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HARLEM, Manhattan — It’s a concept that shows consideration for the victims of fatal police actions, and the concept has originated from a source that some victims’ families call surprising: law enforcement professionals.

Prosecutors and police joined with victims’ families over the last year to create a system of guidelines that intends to help reduce, and even prevent, police-involved deaths.

Some of the victims’ names and cases are prominent, and their family members were on hand at the Schomburg Center here for the unveiling of the guidelines, called The Toolkit, at a ceremony on Tuesday morning.

Among the people in attendance were the families of Eric Garner, who died as the result of an NYPD takedown in July 2014; Delrawn Small, who was fatally shot by an off-duty NYPD officer in July 2016; Sean Bell, who was fatally shot by NYPD detectives on the night before his wedding in November 2006; Amadou Diallo, who was killed in a hail of gunfire in February 1999 and Anthony Baez, who died during an NYPD arrest in 1994.

In addition to those local victims’ families, the mother of Oscar Grant, who was fatally shot by an officer at the Fruitvale BART station in Oakland, California in 2009, was on hand. So was the mother of Philando Castile, who was fatally shot by a police officer during a traffic stop in Falcon Heights, Minnesota in 2016.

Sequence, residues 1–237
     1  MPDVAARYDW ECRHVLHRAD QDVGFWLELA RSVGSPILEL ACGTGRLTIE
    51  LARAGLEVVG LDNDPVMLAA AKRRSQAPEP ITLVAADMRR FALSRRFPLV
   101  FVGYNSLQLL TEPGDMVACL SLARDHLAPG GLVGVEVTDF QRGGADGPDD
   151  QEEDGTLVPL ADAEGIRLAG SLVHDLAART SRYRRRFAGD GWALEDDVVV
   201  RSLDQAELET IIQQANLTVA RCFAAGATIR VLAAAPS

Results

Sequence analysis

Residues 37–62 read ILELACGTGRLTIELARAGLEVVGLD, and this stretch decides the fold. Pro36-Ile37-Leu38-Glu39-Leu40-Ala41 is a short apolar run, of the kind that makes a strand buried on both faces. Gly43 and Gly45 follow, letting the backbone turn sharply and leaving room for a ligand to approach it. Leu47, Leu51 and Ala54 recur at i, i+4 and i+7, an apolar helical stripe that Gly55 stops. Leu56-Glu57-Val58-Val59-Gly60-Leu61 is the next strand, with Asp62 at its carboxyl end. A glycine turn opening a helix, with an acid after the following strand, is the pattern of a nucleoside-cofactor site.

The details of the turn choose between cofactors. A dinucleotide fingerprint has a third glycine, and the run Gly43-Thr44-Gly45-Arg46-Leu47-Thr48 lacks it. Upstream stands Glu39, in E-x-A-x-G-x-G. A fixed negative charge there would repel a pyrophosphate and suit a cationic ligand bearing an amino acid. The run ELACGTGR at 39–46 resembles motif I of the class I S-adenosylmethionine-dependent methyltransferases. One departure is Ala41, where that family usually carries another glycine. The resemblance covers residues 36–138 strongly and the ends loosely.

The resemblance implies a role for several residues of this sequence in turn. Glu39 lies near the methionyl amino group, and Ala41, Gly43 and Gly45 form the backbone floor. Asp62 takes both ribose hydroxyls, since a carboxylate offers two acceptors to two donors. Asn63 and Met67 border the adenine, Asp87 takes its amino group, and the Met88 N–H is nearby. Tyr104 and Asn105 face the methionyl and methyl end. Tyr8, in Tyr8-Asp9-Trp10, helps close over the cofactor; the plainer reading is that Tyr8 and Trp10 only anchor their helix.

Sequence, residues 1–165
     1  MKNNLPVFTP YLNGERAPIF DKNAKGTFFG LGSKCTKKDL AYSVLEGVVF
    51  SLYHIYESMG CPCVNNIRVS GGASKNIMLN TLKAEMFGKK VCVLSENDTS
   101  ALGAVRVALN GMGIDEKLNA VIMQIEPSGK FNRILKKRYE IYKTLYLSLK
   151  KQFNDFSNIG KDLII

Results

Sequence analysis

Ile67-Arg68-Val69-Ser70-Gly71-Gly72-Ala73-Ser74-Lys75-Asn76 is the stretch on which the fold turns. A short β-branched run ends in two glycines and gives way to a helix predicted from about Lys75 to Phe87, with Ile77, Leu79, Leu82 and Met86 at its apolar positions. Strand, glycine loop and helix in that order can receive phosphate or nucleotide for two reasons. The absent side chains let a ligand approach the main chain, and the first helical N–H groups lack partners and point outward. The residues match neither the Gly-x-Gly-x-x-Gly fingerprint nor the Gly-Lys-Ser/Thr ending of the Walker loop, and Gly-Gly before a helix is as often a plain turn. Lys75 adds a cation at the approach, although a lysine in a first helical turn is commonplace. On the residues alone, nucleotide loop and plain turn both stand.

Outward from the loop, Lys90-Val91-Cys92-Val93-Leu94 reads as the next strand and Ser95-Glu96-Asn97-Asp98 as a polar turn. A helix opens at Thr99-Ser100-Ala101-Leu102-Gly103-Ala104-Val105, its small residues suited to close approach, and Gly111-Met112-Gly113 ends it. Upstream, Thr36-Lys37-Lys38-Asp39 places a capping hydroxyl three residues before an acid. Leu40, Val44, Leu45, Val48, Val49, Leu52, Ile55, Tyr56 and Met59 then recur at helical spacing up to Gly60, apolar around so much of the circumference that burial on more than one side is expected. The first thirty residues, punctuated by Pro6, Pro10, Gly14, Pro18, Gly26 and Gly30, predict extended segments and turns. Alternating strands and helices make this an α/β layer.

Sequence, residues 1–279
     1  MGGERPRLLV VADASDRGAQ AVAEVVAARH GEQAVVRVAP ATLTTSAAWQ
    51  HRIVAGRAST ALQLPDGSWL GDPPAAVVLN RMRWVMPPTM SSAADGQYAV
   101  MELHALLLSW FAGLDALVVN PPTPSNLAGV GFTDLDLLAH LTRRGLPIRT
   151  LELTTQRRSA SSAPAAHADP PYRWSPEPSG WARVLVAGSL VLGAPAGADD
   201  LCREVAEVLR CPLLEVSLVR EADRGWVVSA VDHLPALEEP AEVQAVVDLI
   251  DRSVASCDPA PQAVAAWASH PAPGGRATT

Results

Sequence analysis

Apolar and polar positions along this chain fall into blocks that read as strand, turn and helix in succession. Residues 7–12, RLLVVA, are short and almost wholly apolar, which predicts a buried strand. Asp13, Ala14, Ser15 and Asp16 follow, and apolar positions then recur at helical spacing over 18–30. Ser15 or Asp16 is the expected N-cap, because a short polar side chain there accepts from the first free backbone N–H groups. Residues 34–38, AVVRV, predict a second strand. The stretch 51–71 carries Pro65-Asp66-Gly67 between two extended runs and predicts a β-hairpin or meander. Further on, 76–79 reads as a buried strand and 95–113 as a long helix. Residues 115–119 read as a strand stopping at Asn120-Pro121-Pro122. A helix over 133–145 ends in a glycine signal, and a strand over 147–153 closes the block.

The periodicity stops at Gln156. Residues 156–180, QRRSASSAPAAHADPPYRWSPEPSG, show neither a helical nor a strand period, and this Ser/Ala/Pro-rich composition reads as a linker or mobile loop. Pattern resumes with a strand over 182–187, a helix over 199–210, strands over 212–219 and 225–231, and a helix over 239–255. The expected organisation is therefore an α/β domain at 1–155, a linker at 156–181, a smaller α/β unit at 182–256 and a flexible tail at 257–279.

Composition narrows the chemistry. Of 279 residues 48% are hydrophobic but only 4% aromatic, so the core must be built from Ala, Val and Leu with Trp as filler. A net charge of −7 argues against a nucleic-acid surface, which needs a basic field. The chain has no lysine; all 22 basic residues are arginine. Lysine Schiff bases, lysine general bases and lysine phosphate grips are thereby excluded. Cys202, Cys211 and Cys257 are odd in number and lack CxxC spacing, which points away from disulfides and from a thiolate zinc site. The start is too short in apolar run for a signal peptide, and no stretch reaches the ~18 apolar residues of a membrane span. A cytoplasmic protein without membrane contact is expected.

“We have had enough,” Castile’s mother, Valerie Castile, said at the ceremony.

Standing next to her was John Choi, the prosecutor in the case against Officer Jeronimo Yanez, the police officer whose gunshots resulted in Castile’s death.

Both Choi and Castile were among dozens of victims’ families, prosecutors and police who drafted the toolkit, and joined together for its release.

“We’re not against the police,” said Iris Baez, Anthony Baez’s mother. “We just want police officers to stand up if they see someone kicking and stomping someone, to say, ‘Stop.'”

Baez said she had helped to draft the Toolkit guidelines in an effort to assist police departments screen their officers better for potential problems. In her son’s case, the lead officer, Francis Livoti, ended up serving six-and-a-half years in prison for violating Baez’s civil rights.

Eric Garner’s mother said that she’s hopeful that the Toolkit can promote lasting change.

“If the police department takes a look at it, and are willing to take a step toward it, some of it would work,”Gwen Carr told PIX11 News. “This could really help.”

Kadiatou Diallo, the mother Amadou Diallo, said that she believes the toolkit will promote justice by helping to prevent more cases like that of her son.

“Amadou lives on when I do work like this,” she said in an interview.

Also agreeing that the creation of the toolkit can reduce police-involved deaths, as well as prevent them, was the organizer of the entire effort. Lucy Lang, the executive director of the Institute for Innovation in Prosecution at John Jay College, is a former assistant district attorney in Manhattan. She organized the entire effort and said said that one group of voices, in addition to those of victims’ families, has been key.

“It was critical to have police chiefs and police officers as part of this conversation,” she told PIX11 News.

The Toolkit is a recommendation for police departments, prosecutors’ offices, and courts nationwide. Because it’s non-binding, it’s unclear how strongly its recommendations will be adopted.

Valerie Bell, Sean Bell’s mother, expressed confidence in the guidelines being followed. The reason for her confidence, she said, was her confidence in her and other victims’ families’ ability to make law enforcement aware of the Toolkit.

“[If] we continue to be in their face,” Bell told PIX11 News, “they will use it.”

The full text of the Toolkit is here .